The choreographers called on to get the nation’s dancers back on to the stage have as much to say about the state of our times as they do about art.
Many of the works were created during the pandemic. English National Ballet’s Reunion started life as a series of dance films that were streamed last winter; with the opening of theatres, ENB’s artistic director Tamara Rojo asked the choreographers to adapt them for live staging. Sidi Larbi Cherkaoui’s Laid in Earth was the most moving; a portrait of man coming to terms with impending death, whether his own or his lover’s. To a live performance of ‘Dido’s Lament’, four dancers — at times two couples and at times an individual with his/her shadow — tangle and detangle themselves from each other, coil, prop up, before falling away. One is a figure in black, reptilian-like in his writhing and twisting on the floor. Is he Death? Purcell’s spare tones give way to trance-like beats that fuel an achingly sexy duet for two male dancers; whirling movements mirroring one another suggest we are always partly in the underworld. It was mesmerisingly beautiful — I could have watched it again and again.
Russell Maliphant’s Echoes shared the hypnotic nature of Laid in Earth but his tribe of dancers appeared to actually be trapped underground, shafts of light barely making their way down to them, a pack of bodies churning away to clanking beats. An ominous glimpse into some never-ending torture chamber? Revolving and shifting patterns of light reduce the bodies to mere cogs in a dizzying universe; tiny pieces of matter that don’t matter… This was dance-making at its most raw, primitive and enthralling.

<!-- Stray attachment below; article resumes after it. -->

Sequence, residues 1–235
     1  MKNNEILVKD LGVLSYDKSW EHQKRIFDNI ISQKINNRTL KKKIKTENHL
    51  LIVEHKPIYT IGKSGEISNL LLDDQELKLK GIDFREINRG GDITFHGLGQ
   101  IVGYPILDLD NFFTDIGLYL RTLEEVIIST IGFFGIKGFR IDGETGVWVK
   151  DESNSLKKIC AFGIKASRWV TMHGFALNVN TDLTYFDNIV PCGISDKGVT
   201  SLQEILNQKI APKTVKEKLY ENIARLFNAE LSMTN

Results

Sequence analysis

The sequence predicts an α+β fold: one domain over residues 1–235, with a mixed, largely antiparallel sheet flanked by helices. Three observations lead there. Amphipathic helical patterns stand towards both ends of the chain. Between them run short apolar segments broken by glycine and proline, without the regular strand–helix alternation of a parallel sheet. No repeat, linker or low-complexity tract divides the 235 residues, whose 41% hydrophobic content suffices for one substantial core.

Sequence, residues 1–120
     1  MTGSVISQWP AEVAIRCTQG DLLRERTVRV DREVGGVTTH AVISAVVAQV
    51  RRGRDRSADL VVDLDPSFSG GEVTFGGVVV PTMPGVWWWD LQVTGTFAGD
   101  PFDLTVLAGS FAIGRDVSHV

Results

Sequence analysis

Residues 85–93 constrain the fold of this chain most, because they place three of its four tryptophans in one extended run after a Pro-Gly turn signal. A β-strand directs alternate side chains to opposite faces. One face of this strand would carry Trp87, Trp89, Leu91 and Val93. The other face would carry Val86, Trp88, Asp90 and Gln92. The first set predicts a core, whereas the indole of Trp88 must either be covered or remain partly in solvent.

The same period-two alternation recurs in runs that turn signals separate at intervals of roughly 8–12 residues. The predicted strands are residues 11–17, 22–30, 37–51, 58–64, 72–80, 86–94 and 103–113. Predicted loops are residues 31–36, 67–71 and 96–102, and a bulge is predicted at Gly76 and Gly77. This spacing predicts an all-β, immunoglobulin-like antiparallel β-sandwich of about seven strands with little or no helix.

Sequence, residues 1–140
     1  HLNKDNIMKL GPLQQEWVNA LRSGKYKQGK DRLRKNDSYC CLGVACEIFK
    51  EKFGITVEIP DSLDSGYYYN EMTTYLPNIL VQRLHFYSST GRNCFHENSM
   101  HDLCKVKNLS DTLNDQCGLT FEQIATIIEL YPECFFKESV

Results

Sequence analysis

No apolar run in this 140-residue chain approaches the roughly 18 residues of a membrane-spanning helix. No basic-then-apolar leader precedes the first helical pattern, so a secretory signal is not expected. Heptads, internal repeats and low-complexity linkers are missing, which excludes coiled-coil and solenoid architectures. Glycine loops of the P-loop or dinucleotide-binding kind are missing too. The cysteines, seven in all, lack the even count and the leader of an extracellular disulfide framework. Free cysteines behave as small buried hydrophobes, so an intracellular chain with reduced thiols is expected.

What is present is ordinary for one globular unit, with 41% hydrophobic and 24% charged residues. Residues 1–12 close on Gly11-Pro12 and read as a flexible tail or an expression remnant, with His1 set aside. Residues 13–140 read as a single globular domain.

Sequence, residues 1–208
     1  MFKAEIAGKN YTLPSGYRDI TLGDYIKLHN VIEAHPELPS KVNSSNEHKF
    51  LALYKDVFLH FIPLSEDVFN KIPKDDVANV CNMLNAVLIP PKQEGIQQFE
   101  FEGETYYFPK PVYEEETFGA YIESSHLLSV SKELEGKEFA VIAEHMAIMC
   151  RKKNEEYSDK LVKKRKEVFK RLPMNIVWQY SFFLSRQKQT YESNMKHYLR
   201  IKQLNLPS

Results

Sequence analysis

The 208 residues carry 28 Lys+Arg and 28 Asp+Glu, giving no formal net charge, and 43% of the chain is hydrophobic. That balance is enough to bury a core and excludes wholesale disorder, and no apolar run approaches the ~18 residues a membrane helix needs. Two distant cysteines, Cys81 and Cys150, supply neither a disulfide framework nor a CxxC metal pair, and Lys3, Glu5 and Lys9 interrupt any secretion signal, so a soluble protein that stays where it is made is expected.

Above ground, the Royal Ballet dancers performed the world première of Kyle Abrahams’s cheekily titled Optional Family: a divertissement. It, too, seemed to be the product of lockdown; a relationship has soured and in comes a new temptation…. This was sexy, racy stuff performed to an exhilaratingly fraught electronic score by Nidia Borges and Grischa Lichtenberger.
Offering a more beautiful portrait of love was Christopher Wheeldon. Within the Golden Hour, created for San Francisco Ballet in 2008, delivers one couple after another basking in the glow of love. Whether wanton abandonment, tender worshipping or playful teasing, Wheeldon seems single-handedly to have upped the language of classical ballet into something that speaks to us today. And not only do his dancers communicate something real, they also make the most dazzlingly classy shapes on the stage, their creator weaving their stories in and out of stylish block movement. The work unlocked lockdown for me in one fell swoop.
Sharing Wheeldon’s voltage is Canadian choreographer Crystal Pite. Her dance-drama The Statement, first created for Nederlands Dans Theater in 2016, practically tore the Royal Opera House down. Four suited dancers collect around a boardroom table to discuss ‘the conflict’ and the role they have played in it, before tearing each other to pieces over who should take the rap and how to do it.
Pite uses dancers as puppets, gesticulating wildly to a voiced soundtrack, to offer a perspective on man that’s so heightened and over-articulated the viewer can hardly keep up. Her portrait of this odious and slippery bunch,who cling to and crawl around over the table, is timely.
Accompanying Pite’s The Statement was Solo Echo, again created for NDT. This poetic musing on the nature of winter sees seven dancers move under a snow-filled sky — a tumbling, desperate throng, huddled together, clinging on for dear life. I defy anyone to take their eyes off Cesar Corrales as he hurls himself about the stage with beautiful brutality.
Back at Sadler’s Wells, three more choreographers’ lockdown works wrapped things up; Yuri Possokhov’s Senseless Kindness, Stina Quagebeur’s Take Five Blues and Cuban-born newbie Arielle Smith’s Jolly Folly. Smith delivered a coup-de-théâtre in her pack of penguin-styled dancers, strutting about the stage Chaplin-like to Cubanised versions of The Blue Danube and ‘Sugar Plum Fairy’. ‘I wanted to create total escapism,’ Smith said. By heavens, she did.
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